A camp at half the cost
By – Carlos Haynes | Tue, August 14, 2012 - 12:02 AM()
Re your editorial of the August 3 weekend Nation, your opening quotation of the Minister of Culture’s statement, as well as your subsequent wording, tends to give the impression that the National Summer Camp programme is some new invention of the current administration.
How else could we interpret the question: “Without the National Summer Camp programme . . . what would these children be doing during this very long summer period?”
The profound explanation you ask for is this: they would simply be enjoying summer camps as they have been doing from way back in the 1990s, but at little more than half the current cost to taxpayers, while at the same time teaching volunteerism and giving back to society.
It is the present cost that taxpayers are concerned about from the time its format was changed to “kill” the entrepreneurial spirit that existed freely among the campers, where they raised their own funds for materials and subsidized their educational tours and so on, after being given a start-up capital of around $30 000 per camp.
This is what the children did all summer long.
It was a win-win situation for the parents where their children were supervised by counsellors who were well trained and were committed, where involvement was a joy and not deemed a “job” as I hear repeatedly these days, as they were not paid.
I hear some camp workers boasting of the $47 000 to $53 000 they are making out of the “deal”. Some of them only provide chow mein and tuna, and the like; but that is where the bulk of the $4.1 million of taxpayers’ money is going.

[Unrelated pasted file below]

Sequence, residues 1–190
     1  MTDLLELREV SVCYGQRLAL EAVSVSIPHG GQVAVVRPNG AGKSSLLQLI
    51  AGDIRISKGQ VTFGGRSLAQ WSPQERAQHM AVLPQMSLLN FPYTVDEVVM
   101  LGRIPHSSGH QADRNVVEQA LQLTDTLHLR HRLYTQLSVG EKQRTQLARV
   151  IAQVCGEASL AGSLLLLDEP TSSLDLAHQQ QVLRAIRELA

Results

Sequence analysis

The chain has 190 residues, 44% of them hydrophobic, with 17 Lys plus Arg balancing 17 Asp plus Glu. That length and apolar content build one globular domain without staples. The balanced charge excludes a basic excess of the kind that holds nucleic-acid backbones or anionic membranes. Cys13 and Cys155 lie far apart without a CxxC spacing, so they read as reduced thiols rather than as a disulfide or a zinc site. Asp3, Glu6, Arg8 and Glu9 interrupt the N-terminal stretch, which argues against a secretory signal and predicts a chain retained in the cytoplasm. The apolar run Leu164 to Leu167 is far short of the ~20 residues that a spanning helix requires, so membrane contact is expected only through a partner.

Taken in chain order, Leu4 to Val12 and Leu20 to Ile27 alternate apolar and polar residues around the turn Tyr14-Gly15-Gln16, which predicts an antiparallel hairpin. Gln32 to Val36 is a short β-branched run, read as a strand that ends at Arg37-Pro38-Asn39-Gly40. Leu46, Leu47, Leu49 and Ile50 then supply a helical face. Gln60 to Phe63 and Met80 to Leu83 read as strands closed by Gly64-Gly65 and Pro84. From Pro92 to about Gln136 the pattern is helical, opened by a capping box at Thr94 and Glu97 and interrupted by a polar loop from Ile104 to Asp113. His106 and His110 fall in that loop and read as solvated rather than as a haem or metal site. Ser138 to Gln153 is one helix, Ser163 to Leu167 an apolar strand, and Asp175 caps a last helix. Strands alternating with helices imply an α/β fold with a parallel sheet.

Compare 69 camps at $30 000 each and allowing the entrepreneurial spirit of the camps to flow to $4.1 million in expenditure as budgeted today. That would represent a saving to taxpayers of over $2.030 million.
These are the things that not only the Opposition is concerned about, but we the overburdened taxpayers are as well in these recessionary times. Yes, our children are worthy of the money spent, but can we say they are in any way better off now than before?
I think not. Nor are we taxpayers any less encumbered.
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What is your take on Owen Arthur bowing out of elective politics? Is he going at the right time, too soon, or should he have bowed out before?
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